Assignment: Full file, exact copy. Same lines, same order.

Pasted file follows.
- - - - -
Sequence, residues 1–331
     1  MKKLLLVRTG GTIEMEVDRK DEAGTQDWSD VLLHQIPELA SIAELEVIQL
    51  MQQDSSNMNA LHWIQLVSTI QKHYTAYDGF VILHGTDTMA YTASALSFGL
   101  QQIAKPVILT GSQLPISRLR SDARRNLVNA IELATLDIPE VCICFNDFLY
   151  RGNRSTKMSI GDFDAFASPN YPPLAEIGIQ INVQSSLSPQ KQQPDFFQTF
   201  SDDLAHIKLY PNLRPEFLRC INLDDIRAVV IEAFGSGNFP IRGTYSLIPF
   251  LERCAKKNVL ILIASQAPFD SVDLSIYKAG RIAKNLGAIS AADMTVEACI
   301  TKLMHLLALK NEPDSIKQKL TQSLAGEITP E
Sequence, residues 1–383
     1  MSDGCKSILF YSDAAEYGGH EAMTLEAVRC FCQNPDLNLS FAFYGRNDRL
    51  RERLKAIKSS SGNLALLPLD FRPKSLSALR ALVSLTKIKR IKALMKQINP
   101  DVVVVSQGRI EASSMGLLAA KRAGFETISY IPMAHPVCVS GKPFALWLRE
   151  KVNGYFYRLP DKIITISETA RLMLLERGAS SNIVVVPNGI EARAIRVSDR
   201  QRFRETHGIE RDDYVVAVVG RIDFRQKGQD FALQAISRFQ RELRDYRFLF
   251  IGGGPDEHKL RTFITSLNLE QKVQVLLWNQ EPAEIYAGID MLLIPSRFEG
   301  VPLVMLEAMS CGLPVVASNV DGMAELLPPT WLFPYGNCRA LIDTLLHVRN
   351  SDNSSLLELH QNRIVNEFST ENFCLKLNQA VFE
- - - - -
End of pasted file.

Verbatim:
Sequence, residues 1–331
     1  MKKLLLVRTG GTIEMEVDRK DEAGTQDWSD VLLHQIPELA SIAELEVIQL
    51  MQQDSSNMNA LHWIQLVSTI QKHYTAYDGF VILHGTDTMA YTASALSFGL
   101  QQIAKPVILT GSQLPISRLR SDARRNLVNA IELATLDIPE VCICFNDFLY
   151  RGNRSTKMSI GDFDAFASPN YPPLAEIGIQ INVQSSLSPQ KQQPDFFQTF
   201  SDDLAHIKLY PNLRPEFLRC INLDDIRAVV IEAFGSGNFP IRGTYSLIPF
   251  LERCAKKNVL ILIASQAPFD SVDLSIYKAG RIAKNLGAIS AADMTVEACI
   301  TKLMHLLALK NEPDSIKQKL TQSLAGEITP E
Sequence, residues 1–383
     1  MSDGCKSILF YSDAAEYGGH EAMTLEAVRC FCQNPDLNLS FAFYGRNDRL
    51  RERLKAIKSS SGNLALLPLD FRPKSLSALR ALVSLTKIKR IKALMKQINP
   101  DVVVVSQGRI EASSMGLLAA KRAGFETISY IPMAHPVCVS GKPFALWLRE
   151  KVNGYFYRLP DKIITISETA RLMLLERGAS SNIVVVPNGI EARAIRVSDR
   201  QRFRETHGIE RDDYVVAVVG RIDFRQKGQD FALQAISRFQ RELRDYRFLF
   251  IGGGPDEHKL RTFITSLNLE QKVQVLLWNQ EPAEIYAGID MLLIPSRFEG
   301  VPLVMLEAMS CGLPVVASNV DGMAELLPPT WLFPYGNCRA LIDTLLHVRN
   351  SDNSSLLELH QNRIVNEFST ENFCLKLNQA VFE